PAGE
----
OFF THE SHELF : Ila Patnaik
Heterogeneity of ideas
Amitava Bose, Debraj Ray, Abhirup Sarkar (ed)
Oxford University Press
342 pages/Rs 595
This is a festschrift of ten essays for Prof Mihir Rakshit of Presidency College, Kolkata. The editors and contributors are mostly former students of economics at the college who are now at universities and research institutes in different parts of the world.
The book is divided into five sections, each containing two essays. The first essay by Pradip Maiti on national income is a recap of national income accounting theory with an application to India.
It is useful both as an introductory course and for practitioners who often need to look up CSO’s definitions in its National Income Accounts publication. In fact, in this chapter I found something I had been planning to look up just last week — the sixteen items I need to add and subtract to move from GDP at market prices to personal disposable income!
The second essay is a research paper rather than the exposition of a standard theory. Essentially theoretical in nature, it discusses the deficiencies of net national product (NNP) as a measure of economic welfare. NNP includes both consumption and investment.
Following Weitzman, the authors argue that while it is clear that consumption promotes welfare, it is not obvious why net investment should be included in a measure of welfare. They suggest methods to revise NNP while accepting that there may be difficult issues involved in translating these suggestions into practice.
The first essay in the section on development develops the closed economy agriculture-industry linkage model that has features of Kalecki’s and Kaldor’s models. It is written in the spirit of the work of Prof Rakshit. It shows how agriculture poses two kinds of constraints on industry: the demand constraint and the wage goods constraint.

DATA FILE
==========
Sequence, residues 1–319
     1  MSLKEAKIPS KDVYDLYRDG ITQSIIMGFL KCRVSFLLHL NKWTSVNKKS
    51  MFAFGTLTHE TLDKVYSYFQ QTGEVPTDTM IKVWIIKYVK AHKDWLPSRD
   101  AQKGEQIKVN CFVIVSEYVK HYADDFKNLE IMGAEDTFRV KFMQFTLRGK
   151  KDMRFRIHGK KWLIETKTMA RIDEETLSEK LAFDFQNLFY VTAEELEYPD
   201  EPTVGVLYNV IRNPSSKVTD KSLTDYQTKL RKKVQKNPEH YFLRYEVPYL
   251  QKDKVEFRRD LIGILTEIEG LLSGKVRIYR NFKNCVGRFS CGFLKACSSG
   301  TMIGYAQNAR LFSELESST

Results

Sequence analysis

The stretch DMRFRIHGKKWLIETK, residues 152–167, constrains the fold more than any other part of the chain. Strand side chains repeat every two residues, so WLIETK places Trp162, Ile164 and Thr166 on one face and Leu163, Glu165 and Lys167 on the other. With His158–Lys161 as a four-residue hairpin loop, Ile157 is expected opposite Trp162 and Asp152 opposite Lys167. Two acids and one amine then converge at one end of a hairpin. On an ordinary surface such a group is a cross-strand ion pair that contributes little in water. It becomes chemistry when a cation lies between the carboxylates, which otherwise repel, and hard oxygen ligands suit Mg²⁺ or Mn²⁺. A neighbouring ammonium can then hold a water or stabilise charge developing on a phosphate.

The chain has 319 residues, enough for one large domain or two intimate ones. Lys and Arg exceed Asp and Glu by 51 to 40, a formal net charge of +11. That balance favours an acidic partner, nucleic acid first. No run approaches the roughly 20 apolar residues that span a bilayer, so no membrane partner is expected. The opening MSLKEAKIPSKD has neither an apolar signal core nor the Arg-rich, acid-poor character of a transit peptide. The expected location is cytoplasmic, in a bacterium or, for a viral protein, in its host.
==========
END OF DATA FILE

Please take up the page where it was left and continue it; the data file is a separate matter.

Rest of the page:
Output and growth in industry are dependent on agricultural growth. Relative stagnation in agriculture restricts industrial growth by reducing the demand for industrial goods as a larger proportion of income get diverted to price inelastic agricultural goods.
Agricultural stagnation results in a higher price of food that leads to higher industrial wages. A larger share of wages squeezes industrial profits and hence investment and capital accumulation.
The second essay in the section on development examines the impact of free trade on the wage gap between skilled and unskilled workers. It draws one’s attention to the point that it would have been much more interesting had the model in the first essay also been developed in the context of an open economy.
Indeed with the opening up of the economy and the removal of QRs on agricultural commodities, such models that were built essentially to understand agriculture-industry linkages in developing countries with a large agricultural sector, become irrelevant unless followers of that tradition keep them alive by constant innovation.
The first essay in the section on dynamics has an exposition of the new growth theory. As the editors point out it is essential for an introductory course because the literature is large and technical. Dasgupta has provided an accessible account of the pioneering contributions in endogenous growth theory, using a simple demand and supply framework.
Again in sharp contrast, the second essay is an advanced technical discussion of the nature of policy functions of dynamic optimisation models. Written more along the lines of a research paper in Econometrica (where Mitra has later contributed a paper containing more definitive results) it makes one wonder what level the book is targeted at.
The difference in levels between the first essay on national accounts and this one is too great for both to be suitable for one volume.
Among the essays in the following two sections on finance and institutions, Moitra’s paper on sovereign debt develops a simple intertemporal model to address the issue of the enforcing repayment in a sovereign debt contract. The other three essays must have been contributed to the volume, no doubt, as a tribute to Prof Rakshit. Good papers in their respective fields, but they do make the title of the book rather misleading.